Chris Webb's BI Blog

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Subcubes in the FROM clause

with 4 comments

Don’t know how I’ve not managed to talk about this one, as it’s one of the biggest new additions to MDX. Basically what this functionality means is that instead of putting a cube or a perspective name in the FROM clause you can put a SELECT statement which defines a subcube instead, similar to a SQL subselect. So what is a subcube? It’s a subset of the cube you’re eventually going to query, sliced by members on one or more dimensions. Think of the effect as being the same as if you had dimension security on your cube, only allowing you to see certain members on some dimensions.

For example with the Adventure Works cube, say you were interested in analysing the combined sales of the Accessories and Clothing product categories, you could run the following query:

select [Measures].[Internet Sales Amount] on 0,
[Date].[Day Name].members
on 1
from (
select ({[Product].[Category].[Category].&[4], [Product].[Category].[Category].&[3]})
on 0 from [Adventure Works])

In this example, what we’re saying in this query is: find me the Internet Sales Amount for each day of the week, from a version of the Adventure Works cube which only has the Accessories and Clothing members on the Product Category hierarchy. Note that for this example we could also use a set in the WHERE clause to get the same values, as follows:

select [Measures].[Internet Sales Amount] on 0,
[Date].[Day Name].members
on 1
from [Adventure Works]
where({[Product].[Category].[Category].&[4], [Product].[Category].[Category].&[3]})

However, there is a big difference between the two approaches. When you put the Product Category hierarchy in the WHERE clause it can’t appear on any other axis, but this isn’t true of the subcube approach as the following example shows:

select [Measures].[Internet Sales Amount] on 0,
[Date].[Day Name].members
*
[Product].[Category].[Category].members
on 1
from (
select ({[Product].[Category].[Category].&[4], [Product].[Category].[Category].&[3]})
on 0 from [Adventure Works])

The thing to notice is that [Product].[Category].[Category].members now only returns the Accessories and Clothing members, and not the Bikes or Components members which are present in the real Adventure Works cubes. It’s the structure of the cube itself which has been altered.

You’re not restricted to one dimension in your subcube definition, of course, as the following example shows:

select [Measures].[Internet Sales Amount] on 0,
[Date].[Day Name].members
on 1
from (
select (
{[Product].[Category].[Category].&[4], [Product].[Category].[Category].&[3]}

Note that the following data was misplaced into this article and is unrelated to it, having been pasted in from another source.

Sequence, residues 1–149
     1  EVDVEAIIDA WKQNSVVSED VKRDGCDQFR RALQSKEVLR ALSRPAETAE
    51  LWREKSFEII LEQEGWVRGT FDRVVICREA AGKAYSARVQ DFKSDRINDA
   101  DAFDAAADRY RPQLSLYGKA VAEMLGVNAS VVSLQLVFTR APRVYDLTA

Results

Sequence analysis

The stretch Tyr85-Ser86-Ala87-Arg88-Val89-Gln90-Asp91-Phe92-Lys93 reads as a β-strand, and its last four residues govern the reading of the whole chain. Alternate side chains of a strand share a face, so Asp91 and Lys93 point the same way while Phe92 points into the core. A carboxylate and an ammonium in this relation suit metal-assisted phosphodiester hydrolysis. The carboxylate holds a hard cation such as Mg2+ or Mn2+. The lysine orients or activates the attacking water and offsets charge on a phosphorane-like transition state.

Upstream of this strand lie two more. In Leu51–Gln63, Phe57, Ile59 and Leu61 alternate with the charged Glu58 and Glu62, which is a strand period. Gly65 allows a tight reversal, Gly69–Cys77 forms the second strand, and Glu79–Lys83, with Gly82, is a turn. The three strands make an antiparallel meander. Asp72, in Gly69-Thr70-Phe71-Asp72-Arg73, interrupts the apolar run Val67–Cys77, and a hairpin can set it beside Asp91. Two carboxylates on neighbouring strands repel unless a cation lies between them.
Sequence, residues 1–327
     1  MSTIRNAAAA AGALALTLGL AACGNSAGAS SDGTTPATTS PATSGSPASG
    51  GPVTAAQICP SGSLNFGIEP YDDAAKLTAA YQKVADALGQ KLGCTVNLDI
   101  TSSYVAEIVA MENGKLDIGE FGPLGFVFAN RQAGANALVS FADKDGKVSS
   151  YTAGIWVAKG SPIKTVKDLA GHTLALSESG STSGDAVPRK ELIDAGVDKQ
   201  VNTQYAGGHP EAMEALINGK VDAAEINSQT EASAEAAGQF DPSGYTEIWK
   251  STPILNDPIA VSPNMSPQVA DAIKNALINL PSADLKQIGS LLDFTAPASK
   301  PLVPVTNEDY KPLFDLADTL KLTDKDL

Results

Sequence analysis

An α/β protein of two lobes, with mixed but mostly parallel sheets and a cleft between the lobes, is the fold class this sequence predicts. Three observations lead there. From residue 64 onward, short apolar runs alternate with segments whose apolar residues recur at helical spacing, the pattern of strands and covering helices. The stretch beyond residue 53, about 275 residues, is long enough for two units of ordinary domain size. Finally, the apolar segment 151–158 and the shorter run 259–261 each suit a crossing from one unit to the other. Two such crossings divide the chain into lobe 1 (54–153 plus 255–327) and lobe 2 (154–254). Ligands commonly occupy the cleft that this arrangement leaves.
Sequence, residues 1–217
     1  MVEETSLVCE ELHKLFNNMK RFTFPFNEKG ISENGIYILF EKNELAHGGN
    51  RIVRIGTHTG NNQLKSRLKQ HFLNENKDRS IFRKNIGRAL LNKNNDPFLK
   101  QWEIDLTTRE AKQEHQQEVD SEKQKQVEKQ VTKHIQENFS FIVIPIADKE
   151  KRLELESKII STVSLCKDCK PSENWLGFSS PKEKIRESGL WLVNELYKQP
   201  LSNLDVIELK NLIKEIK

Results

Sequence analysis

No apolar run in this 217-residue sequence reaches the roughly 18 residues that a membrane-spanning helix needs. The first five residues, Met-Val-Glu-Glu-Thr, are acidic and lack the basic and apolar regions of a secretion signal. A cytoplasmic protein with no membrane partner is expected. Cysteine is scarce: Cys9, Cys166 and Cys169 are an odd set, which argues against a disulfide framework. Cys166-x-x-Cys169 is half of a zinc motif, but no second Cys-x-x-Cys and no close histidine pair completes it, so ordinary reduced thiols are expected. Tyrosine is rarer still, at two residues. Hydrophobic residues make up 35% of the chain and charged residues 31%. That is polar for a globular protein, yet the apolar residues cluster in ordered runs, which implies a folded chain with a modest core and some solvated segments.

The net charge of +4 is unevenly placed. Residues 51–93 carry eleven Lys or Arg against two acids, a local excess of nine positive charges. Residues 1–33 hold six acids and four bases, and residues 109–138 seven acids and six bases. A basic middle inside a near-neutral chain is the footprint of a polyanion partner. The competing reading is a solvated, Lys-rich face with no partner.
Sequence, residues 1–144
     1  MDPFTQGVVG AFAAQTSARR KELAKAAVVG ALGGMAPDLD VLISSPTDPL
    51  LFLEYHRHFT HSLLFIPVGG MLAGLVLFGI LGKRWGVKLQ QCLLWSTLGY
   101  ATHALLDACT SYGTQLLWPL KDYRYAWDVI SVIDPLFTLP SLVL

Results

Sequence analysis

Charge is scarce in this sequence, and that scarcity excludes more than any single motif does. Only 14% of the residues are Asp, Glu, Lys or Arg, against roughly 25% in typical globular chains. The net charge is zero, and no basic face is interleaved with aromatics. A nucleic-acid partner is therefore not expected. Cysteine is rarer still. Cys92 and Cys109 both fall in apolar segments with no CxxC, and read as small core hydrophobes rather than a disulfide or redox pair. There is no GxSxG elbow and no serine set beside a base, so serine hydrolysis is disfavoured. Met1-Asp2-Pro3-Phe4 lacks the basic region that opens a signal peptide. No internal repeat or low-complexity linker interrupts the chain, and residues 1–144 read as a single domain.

,{[Date].[Calendar Year].[Calendar Year].&[2004], [Date].[Calendar Year].[Calendar Year].&[2003]}
)
on 0 from [Adventure Works])

and you can even do quite sophisticated things like:

select [Measures].[Internet Sales Amount] on 0,
[Product].[Category].[Category].members
*
[Date].[Calendar Year].[Calendar Year].members
on 1
from (
select (
{([Product].[Category].[Category].&[4],[Date].[Calendar Year].[Calendar Year].&[2004])
, ([Product].[Category].[Category].&[3], [Date].[Calendar Year].[Calendar Year].&[2003])
})
on 0 from [Adventure Works])

…which shows that you’re not restricted to a simple product of sets of members from various hierarchies. You can also do nested subselects, which make it easy to express otherwise complex multi-step filtering operations. For example:

select [Measures].[Internet Sales Amount] on 0,
[Date].[Day Name].members
on 1
from (
select (topcount([Customer].[Country].[Country].members, 2, [Measures].[Internet Sales Amount]))
on 0 from (
select(
{[Product].[Category].[Category].&[4], [Product].[Category].[Category].&[3]})
on 0 from [Adventure Works]))

…gives me the internet sales amount by day of week for the top two countries for the Accessories and Clothing product categories. This example doesn’t do anything you couldn’t do in a single subselect, but it’s easier to understand; I assume that there would be a performance overhead with doing this kind of nesting though.

Finally, one other point of interest is that calculated members have the ability to look ‘outside’ the subcube. For example:

with member measures.test as [Product].[Category].currentmember.prevmember.name
select [Measures].test on 0,
[Product].[Category].[Category].members
on 1
from (
select ({[Product].[Category].[Category].&[4], [Product].[Category].[Category].&[3]})
on 0 from [Adventure Works])